Body as Agent: Changing Fashion Art is an exhibition in response to the 1983 landmark showing of wearable art the Richmond Art Center, Poetry for the Body: Clothing for the Spirit. Body as Agent: Changing Fashion Art updates that exhibition, displaying many of the original artists and adding new artists and new notions, with more than 30 artists participating.
The field of wearable art has expanded and grown. Wearable art still features chic clothing and accessories but has the added vibrations of upcycling – the use of castoff or reused elements and materials – enhancing the visual vocabulary of the artists. This exhibition of California artists further expands notions of clothing to include works of art with garment forms serving as metaphors for social, political and cultural issues as found in painting, photography, printmaking and sculpture. An accompanying catalog will be produced for the exhibition.
Opening Reception: Sat, Sep 12, 5 – 7 pm, free
Sewing in the Gallery with Ellen Hauptli and Chere Mah: Sun, Sep 13, 1:30 – 3 pm, free
Expect an exhilarating arrangement of artwork, media, and styles in our annual, nonjuried members show. Nearly 200 pieces of artwork will be showcased, including works by spotlight artists Edythe Bresnahan, Jan Martin, and David Yoas who were recognized for their ingenuity and visual voice at last year’s annual members show. This year’s show will also include a selection of works by our former Studio Art Director Kato Jaworski.
This annual exhibition showcases and celebrates the diverse work being created in the Art Center’s traveling Art in the Community program, which brings our teaching artists and after-school art programs to middle and elementary schools, community centers and the Richmond Public library.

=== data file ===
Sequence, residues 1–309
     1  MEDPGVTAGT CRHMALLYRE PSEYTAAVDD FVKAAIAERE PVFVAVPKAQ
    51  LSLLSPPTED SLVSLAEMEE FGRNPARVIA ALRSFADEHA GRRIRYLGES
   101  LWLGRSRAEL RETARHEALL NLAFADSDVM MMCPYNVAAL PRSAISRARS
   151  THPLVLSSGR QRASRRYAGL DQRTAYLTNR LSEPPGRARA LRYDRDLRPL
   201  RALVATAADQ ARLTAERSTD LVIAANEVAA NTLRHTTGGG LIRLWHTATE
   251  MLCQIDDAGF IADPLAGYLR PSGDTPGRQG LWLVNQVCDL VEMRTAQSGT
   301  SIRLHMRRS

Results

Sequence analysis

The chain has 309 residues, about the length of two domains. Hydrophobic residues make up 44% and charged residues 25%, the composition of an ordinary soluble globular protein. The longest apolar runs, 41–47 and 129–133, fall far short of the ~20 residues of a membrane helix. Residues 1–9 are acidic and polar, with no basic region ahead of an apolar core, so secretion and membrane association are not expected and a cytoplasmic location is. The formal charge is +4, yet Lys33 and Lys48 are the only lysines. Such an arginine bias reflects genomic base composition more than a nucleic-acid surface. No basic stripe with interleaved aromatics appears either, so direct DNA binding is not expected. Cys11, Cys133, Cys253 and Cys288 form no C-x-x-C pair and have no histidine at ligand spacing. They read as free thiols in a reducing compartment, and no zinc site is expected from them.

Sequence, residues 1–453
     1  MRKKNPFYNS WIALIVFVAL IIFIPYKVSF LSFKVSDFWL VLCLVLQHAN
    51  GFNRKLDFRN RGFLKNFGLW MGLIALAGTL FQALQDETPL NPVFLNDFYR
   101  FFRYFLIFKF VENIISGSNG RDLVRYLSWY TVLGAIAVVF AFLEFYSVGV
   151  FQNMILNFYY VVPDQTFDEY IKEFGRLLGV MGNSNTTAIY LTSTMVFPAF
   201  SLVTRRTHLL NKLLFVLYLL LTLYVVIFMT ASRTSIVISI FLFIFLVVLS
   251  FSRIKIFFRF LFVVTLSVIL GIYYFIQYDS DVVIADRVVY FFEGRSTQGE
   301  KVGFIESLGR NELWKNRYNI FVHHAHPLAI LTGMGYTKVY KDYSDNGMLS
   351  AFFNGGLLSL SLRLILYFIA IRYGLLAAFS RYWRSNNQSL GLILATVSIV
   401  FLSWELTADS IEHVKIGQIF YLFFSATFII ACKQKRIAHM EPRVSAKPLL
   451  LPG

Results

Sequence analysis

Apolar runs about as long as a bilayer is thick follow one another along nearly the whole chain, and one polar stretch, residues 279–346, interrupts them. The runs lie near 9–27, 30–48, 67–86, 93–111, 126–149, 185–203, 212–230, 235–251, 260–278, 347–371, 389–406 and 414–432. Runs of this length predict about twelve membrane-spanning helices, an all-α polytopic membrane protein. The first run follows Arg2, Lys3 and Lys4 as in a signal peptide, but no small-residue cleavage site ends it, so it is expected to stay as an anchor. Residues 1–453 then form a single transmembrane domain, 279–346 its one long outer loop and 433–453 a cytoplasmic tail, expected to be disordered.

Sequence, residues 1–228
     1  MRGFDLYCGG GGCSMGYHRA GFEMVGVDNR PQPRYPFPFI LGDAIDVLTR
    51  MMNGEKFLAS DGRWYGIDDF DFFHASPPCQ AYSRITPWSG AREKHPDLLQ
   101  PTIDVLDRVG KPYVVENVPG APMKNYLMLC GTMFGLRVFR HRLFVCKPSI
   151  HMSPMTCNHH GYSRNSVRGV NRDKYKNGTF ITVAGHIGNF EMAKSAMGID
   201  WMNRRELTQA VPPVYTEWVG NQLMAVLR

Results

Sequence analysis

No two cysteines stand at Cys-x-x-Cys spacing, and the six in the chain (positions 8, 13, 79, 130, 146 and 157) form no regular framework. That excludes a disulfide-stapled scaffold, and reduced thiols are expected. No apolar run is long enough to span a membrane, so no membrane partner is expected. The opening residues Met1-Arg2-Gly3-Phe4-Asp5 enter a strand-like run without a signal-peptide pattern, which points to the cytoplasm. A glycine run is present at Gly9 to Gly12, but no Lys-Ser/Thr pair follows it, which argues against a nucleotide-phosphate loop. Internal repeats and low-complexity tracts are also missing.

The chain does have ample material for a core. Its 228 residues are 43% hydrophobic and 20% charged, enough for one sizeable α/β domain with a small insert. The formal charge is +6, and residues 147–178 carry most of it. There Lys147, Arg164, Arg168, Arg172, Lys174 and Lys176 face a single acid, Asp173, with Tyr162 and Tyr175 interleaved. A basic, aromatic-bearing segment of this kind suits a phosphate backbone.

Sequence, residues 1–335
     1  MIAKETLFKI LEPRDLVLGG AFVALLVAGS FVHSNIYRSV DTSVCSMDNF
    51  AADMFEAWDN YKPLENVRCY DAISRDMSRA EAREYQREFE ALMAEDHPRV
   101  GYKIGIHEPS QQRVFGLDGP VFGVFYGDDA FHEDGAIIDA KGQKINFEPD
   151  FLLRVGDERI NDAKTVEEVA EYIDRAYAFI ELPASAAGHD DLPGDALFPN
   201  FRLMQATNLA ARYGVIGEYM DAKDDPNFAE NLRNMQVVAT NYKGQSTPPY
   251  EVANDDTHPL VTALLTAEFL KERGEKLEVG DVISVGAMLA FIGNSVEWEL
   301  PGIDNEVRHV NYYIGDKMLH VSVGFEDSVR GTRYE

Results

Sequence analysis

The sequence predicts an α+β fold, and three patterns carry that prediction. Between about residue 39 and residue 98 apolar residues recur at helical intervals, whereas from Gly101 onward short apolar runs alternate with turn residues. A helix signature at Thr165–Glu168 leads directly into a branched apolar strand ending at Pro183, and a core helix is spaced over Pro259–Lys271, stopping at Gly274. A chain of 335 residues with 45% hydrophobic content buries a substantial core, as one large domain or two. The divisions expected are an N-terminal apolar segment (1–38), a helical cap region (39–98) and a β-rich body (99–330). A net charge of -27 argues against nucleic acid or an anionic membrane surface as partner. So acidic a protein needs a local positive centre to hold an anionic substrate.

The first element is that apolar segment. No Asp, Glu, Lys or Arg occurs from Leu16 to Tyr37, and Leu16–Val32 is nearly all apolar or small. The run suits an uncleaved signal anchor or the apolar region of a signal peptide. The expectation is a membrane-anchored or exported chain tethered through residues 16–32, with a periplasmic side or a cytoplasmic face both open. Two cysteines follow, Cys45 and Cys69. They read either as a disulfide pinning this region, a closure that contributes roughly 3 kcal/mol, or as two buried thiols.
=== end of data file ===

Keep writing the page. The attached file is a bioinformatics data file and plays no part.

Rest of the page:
Please join us at our special reception on Saturday, May 9 from 3 to 5 pm for the families of the 1,200 students we’ve taught this past year. The reception will start with musical performances by Downer and Grant Elementary students. Refreshments will be served. The reception is free and open to the public.
The West Contra Costa Unified School District (WCCUSD) Student Art Show is an annual collaboration between the school district and the Richmond Art Center and this year we are celebrating a milestone 50 years. The exhibit features work by more than 200 students, illustrating their diverse visions and individual creative voices. These works are not only testament to the creative talent of each student, but also showcase the artistic and educational excellence that WCCUSD art teachers continue to uphold. Over the years many of these students have carve a productive creative professional career honing their creative thinking skills that are instilled in the arts.
A historical component of this exhibition, open through May 24, will showcase ephemera and works by former students who became well-known artists or art teachers.
As part of the 50th Anniversary, the Art Center is proud to exhibit a sampling of the artwork of past and current art teachers and students, many who have proudly extended the creative practice into their adulthood, which will be open through May 24. For this showcase, we have selected former students who either have furthered their artistic career or who have or are currently teaching art in the school district. Former students who have contributed to the artistic profession, include: Dennis Oppenheim, John Toki, Jared Gutierrez and Steve McMillan. Past Teachers like Kim Wong, Susan Wehrle and Mario Ferrari have left their mark on hundreds of students while current art teachers, Daphne Schrampf, Jan Barzottini, Steve Mainini and Jun SoYoung, continue to inspire hundreds of students to take risks and explore their imagination through art making.
Also on display are children’s art dating before the Art Center’s collaboration with the School District back to the 1940s and 1950s, which are on loan from the Richmond History Museum. These exquisite tempera paintings represent the importance of art education in everyone’s life no matter at what age. Arts education provides the critical thinking, communications and creativity skills essential to 21st century success.
The Richmond Art Center is proud to have hosted this exhibition for five decades. We continue to maintain our vision that arts education is a crucial component in the creation of a thriving and robust society.